Pre-Nicene Monastic Communities, Religious Orders and Monks and Nuns of the Early Church

Old Testament precedents include the Nazirites, the Essenes, the companies of prophets, and desert-dwelling prophets like Elijah.

~1 A.D. - St. Anna the Prophetess is described by St. Luke as follows: “[S]he was of a great age, having lived with her husband seven years from her virginity, and as a widow till she was eighty-four. She did not depart from the temple, worshiping with fasting and prayer night and day.” (Luke 2:36-37) Luke’s description goes on to give evidence of her faith in Christ in Luke 2:38, thus making her perhaps the first Christian to live a monastic life.

~20 A.D. - St. John the Baptist may be the earliest monk-like figure in the New Testament, because he lived in the desert for most of his life (Luke 1:80) while adopting the lifestyle of a hermit (Matthew 3:4, Luke 1:15).

~30 A.D. - Jesus promoted the model that monks and nuns would adopt in several ways. Living in the desert for 40 days (Matthew 4:1-2), promoting celibacy for the kingdom of God (Matthew 19:12), telling his disciples that they will be blessed for leaving wives and family and following Him (Luke 18:28-30), and revealing the evangelical counsels of poverty (Matthew 19:21), chastity, and obedience (Matthew 6:24) were some of the ways He promoted the monastic tradition.

~66 A.D. - St. Paul - “Honor widows who are real widows. … She who is a real widow, and is left all alone, has set her hope on God and continues in supplications and prayers night and day… Let a widow be enrolled if she…[has] devoted [herself] to doing good in every way. But refuse to enrol younger widows; for when they grow wanton against Christ they desire to marry, and so they incur condemnation for having violated their first pledge. … [And] let the church…assist those who are real widows.” (1 Timothy 5:11-16)

~95 A.D. - St. John - The Book of Revelation assigns a special place in heaven to lifelong virgins, which is a characteristic of monks and nuns: Revelation 14:4.

107 A.D. - St. Ignatius of Antioch - “I salute…the virgins who are called widows. Be strong, I pray, in the power of the Holy Ghost.” (Letter to the Smyrnaeans Chapter 13)

151 A.D. - St. Justin Martyr - “And many, both men and women, who have been Christ’s disciples from childhood, remain pure at the age of sixty or seventy years; and I boast that I could produce such from every race of men. For what shall I say, too, of the countless multitude of those who have reformed intemperate habits, and learned these things? For Christ called not the just nor the chaste to repentance, but the ungodly, and the licentious, and the unjust; His words being, I came not to call the righteous, but sinners to repentance.” (First Apology Chapter 15)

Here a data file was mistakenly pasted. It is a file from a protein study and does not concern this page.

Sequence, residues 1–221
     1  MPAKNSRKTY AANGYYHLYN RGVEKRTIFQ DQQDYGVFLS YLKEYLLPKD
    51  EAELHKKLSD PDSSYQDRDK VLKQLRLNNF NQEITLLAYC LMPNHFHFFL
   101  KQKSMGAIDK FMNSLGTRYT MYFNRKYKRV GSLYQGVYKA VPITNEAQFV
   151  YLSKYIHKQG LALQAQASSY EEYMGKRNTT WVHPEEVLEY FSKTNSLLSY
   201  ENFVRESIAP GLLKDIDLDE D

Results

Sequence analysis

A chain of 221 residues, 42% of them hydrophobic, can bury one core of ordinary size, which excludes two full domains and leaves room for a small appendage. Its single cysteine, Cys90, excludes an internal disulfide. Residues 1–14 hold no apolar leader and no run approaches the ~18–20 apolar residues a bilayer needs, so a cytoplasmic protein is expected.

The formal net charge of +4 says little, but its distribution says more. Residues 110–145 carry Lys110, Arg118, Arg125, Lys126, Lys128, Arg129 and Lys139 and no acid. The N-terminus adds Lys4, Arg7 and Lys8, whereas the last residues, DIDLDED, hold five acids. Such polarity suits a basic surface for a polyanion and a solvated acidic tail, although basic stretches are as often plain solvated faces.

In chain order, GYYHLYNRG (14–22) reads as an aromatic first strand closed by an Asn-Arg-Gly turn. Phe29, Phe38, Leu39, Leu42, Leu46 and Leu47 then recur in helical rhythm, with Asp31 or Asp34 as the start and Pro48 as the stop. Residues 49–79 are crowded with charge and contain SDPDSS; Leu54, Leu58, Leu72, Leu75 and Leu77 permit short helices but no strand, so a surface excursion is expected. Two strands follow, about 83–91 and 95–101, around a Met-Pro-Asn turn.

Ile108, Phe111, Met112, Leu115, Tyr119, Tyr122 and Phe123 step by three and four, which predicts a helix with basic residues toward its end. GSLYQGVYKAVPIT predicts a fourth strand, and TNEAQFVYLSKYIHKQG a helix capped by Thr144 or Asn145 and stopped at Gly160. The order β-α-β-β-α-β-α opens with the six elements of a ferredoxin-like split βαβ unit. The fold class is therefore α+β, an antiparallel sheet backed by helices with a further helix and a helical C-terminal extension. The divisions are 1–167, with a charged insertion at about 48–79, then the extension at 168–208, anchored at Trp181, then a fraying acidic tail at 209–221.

And: “[E]ven [some women] who are not barren abstain from sexual intercourse, some being virgins from the first, and others from a certain time. And we see men also keeping themselves virgins, some from the first, and some from a certain time.” (On the Resurrection Chapter 3)

160 A.D. - Acts of Paul and Thecla - “At length, certain gentlewomen hearing of the virgin Thecla, went to her, and were instructed by her in the oracles of God, and many of them abandoned this world, and led a monastic life with her.”

177 A.D. - Athenagoras - “Nay, you would find many among us, both men and women, growing old unmarried, in hope of living in closer communion with God. [For] remaining in virginity and in the state of an eunuch brings [a person] nearer to God.” (Plea for the Christians Chapter 33)

195 A.D. - St. Clement of Alexandria - “[All who] endeavour to be assimilated to the [image] given by [God], strive, from exercise, to become free of concupiscence. For he who has exercised concupiscence and then restrained himself, is like a widow who becomes again a virgin by continence. … Such are the [spiritually elevated] souls, which the Gospel likened to the consecrated virgins who wait for the Lord.” (Stromata Book 7 Chapter 12)

~250 A.D. - St. Paul of Thebes - During the persecution by Emperor Decius, Christian hermits grew in numbers as monks fled to the desert. This started the movement known to historians as the Desert Fathers, who drew inspiration from Elijah and St. John the Baptist. An early example was St. Paul of Thebes, whose decision to become a hermit is described in St. Jerome’s Life of Paulus:

“During the persecutions of Decius and Valerian…Paul [of Thebes]…retired to a house at a considerable distance [from the town] and in a more secluded spot. … [Later he] fled to the mountain wilds to wait for the end of the persecution. He began with easy stages, and repeated halts, to advance into the desert. At length he found a rocky mountain, at the foot of which, closed by a stone, was a cave of no great size…and there in prayer and solitude [he] spent all the rest of his life.” (Life of Paulus Paragraphs 2-6)

~271 A.D. - St. Anthony of the Desert’s decision to live a monastic life in the desert is described in his biography by St. Athanasius:

“[T]here were not yet [very] many monasteries in Egypt, and no monk at all knew of the distant desert; but all who wished to give heed to themselves practised the discipline in solitude near their own village. … [Anthony] hurried to the mountain…found a fort, so long deserted that it was full of creeping things…crossed over to it and dwelt there. … [And] it happened in the end that [more] cells arose even in the mountains, and the desert was colonised by monks, who came forth from their own people, and enrolled themselves for the citizenship in the heavens.” (Life of St. Anthony Paragraphs 3, 12, 14)

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